Of all the players I was fortunate enough to watch in the ‘foreign’ leagues, it’s clear that ‘The Emperor’ ranks as one of the best I’d ever gotten to see.
Able to do pretty much anything you’d require from a top striker, Adriano was the kind of guy you’d think the football gods had created in a lab. Domineering in appearance, fearsome at pace and unequivocally focused on thrashing that poor sphere into the roof of the net, he was on track to be the greatest in the world at what he does.
In fact, if you want to find out more about how I personally feel about Adriano, then check out my full feature on the lad here, but to summarise, let’s just say that I reeeeaaallllyyy liked his style. Tbh, he would be the only reason I’d ever watch Serie A football from around that time. Especially when he was tearing things up in that sexual-looking Pirelli-sponsored Inter Milan shirt from the early 2000’s … I really said ‘sexual’, didn’t I? Meh. No regrets.
With the world at his feet and a stellar spell at Parma and an inaugural show-stopper of a year at the San Siro for Inter, pundits worldwide were quick to assume where the genius of the Brazilian would be able to take him. Just like that, World Cups, numerous Scudetti and UEFA-related honours were assumed to arrive at the big man’s doors quicker than you can say ‘Nerrazzuri‘. But there’s one thing we all forget in football. Players are human.
A concept forgotten by those whose jealousy blinds them to the reality of being a professional, the life of a footballer (never mind a topflight one) is a very difficult one to lead. Sure, training occasionally, playing even less and getting paid a lot appears to be the ‘perfect’ prima facia lifestyle. Not exactly a 9-5 is it?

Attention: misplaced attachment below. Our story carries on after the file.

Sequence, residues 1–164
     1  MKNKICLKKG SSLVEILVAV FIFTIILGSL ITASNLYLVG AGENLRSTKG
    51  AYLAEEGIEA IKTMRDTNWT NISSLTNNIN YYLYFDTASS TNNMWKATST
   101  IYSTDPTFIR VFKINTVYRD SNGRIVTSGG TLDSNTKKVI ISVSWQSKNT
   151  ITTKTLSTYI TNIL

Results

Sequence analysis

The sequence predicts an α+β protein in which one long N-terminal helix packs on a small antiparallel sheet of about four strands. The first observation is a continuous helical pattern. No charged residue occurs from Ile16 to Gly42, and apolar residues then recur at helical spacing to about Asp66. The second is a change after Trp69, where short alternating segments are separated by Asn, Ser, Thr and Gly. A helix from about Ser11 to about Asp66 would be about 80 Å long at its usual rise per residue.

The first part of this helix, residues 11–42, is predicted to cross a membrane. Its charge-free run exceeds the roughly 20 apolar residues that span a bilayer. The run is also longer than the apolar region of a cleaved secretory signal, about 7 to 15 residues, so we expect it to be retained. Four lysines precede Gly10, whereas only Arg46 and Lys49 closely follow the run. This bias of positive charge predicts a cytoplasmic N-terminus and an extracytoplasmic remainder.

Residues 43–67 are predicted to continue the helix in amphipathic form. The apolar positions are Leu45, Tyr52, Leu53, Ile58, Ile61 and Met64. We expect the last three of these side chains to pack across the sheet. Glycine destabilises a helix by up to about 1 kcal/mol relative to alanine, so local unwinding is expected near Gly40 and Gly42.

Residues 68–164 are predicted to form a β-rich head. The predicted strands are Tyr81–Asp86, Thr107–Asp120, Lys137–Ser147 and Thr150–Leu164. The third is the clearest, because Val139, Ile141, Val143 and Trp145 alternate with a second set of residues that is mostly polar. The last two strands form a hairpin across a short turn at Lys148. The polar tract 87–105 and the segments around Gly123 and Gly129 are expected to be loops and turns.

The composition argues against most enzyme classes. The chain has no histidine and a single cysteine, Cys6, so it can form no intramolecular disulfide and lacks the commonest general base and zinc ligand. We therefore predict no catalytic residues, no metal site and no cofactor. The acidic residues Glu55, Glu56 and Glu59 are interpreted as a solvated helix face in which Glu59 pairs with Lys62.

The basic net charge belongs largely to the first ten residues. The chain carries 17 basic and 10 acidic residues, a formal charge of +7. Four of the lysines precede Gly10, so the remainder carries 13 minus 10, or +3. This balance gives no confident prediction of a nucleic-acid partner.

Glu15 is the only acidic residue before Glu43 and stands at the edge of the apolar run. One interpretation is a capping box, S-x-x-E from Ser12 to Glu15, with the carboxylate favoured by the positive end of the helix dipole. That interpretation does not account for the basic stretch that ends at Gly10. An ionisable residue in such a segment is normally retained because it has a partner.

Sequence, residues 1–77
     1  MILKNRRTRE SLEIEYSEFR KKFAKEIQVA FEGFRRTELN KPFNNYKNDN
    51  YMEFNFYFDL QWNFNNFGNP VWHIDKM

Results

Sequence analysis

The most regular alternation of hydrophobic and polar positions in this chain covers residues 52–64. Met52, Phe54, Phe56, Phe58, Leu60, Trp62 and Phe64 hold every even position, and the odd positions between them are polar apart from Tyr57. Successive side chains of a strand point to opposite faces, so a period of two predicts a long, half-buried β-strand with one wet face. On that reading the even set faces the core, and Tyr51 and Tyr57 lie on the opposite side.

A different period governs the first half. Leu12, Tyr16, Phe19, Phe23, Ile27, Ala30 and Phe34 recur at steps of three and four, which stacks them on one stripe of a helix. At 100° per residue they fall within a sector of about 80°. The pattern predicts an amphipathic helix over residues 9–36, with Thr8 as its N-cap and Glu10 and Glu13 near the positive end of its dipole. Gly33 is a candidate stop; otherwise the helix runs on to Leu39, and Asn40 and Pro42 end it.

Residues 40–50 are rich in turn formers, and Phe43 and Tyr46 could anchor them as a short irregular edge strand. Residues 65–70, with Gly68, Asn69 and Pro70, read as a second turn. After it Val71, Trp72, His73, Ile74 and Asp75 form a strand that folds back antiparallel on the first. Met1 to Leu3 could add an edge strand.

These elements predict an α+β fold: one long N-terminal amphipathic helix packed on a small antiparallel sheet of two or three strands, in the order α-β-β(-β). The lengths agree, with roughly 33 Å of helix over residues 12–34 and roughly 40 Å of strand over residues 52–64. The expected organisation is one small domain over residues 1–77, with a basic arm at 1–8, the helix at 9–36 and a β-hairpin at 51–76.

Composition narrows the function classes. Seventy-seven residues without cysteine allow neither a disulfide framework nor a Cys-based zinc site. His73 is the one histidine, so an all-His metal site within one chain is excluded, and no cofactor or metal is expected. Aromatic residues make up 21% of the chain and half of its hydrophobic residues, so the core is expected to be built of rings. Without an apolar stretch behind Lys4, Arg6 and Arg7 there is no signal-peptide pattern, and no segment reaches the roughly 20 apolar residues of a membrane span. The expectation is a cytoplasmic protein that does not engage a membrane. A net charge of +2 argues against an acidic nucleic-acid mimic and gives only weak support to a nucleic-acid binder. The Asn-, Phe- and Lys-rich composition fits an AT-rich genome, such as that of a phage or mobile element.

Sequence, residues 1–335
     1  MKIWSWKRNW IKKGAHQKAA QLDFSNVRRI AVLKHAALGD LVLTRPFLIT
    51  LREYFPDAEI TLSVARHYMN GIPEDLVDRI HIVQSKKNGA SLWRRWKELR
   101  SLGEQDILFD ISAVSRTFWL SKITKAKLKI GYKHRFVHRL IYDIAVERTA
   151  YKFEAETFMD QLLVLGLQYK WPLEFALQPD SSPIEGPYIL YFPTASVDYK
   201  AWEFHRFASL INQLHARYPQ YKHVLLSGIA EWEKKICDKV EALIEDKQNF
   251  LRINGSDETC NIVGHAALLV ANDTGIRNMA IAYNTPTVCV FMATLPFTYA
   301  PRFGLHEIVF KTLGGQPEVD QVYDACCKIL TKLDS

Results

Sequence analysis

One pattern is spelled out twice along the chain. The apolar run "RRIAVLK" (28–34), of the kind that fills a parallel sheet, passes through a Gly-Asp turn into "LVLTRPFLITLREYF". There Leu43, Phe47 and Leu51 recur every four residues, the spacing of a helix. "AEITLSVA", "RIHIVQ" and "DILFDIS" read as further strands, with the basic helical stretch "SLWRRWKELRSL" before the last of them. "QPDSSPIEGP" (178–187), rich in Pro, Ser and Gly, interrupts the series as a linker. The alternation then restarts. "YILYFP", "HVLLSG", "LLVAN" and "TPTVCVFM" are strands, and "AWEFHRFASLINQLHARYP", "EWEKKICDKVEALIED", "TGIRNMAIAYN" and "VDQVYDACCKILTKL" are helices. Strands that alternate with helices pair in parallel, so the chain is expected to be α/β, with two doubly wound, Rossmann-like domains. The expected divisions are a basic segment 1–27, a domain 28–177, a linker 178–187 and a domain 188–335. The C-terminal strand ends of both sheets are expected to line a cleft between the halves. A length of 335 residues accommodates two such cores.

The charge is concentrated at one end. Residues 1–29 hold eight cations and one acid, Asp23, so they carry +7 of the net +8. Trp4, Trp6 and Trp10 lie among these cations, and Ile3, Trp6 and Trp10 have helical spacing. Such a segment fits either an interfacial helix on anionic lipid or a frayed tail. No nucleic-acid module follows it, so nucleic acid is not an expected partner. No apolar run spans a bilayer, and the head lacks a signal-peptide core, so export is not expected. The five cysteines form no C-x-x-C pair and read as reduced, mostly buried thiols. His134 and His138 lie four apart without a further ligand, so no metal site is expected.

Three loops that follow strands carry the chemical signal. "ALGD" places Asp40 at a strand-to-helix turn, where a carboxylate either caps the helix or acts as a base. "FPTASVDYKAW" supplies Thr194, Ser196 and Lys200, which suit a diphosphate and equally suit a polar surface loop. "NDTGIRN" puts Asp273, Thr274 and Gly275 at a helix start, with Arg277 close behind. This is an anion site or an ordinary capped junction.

But then, in our own typical professional lives, when things go wrong … what usually happens? Maybe a slap on the wrist from your boss (figuratively speaking, of course)? Maybe HR might get involved? And that’s only in extreme circumstances. But you’re never: ostracised by the media, lambasted by press outlets, isolated by teammates and criticised into getting better. But then again … you’re not a football player, are you?
Most pertinent to Adriano’s case, the world of football rarely truly recognises the debilitating effects that personal trauma can cause on one’s career. Especially when you’re as closely linked with your family as Adri was, and upon whose support he relied heavily to keep him on the straight and narrow. So it came to be, that during the prime of his career, the poor guy would receive a call that we all dread, and would irrevocably change his life beyond repair.
“He got a phone call from Brazil ‘Adri, dad is dead’. “I saw him in his room, he threw the phone and started screaming. You couldn’t imagine that kind of scream. Since that day Morratti (Inter chairman) and myself watched over him as he was our little brother. He kept playing football, scoring goals, and pointing to the sky dedicating them to his father. After that phone call nothing was the same.”Javier Zanetti on Adriano (circa 2012)
Type in the name ‘Adriano’ into most search engines, and you’ll likely come across a story describing his ‘demise‘ or somehow explaining his ‘downturn‘. But surely we’ve evolved beyond that in the world of journalism? Surely we can remove that football hat for a second and show some real humanity and concern for the person that lies beneath this behemoth of a star. It’s not about ‘what could have been’ with Adriano, it’s instead about what was and what remains. A reminder of how precious our life connections are, and how we can help ease pain for others.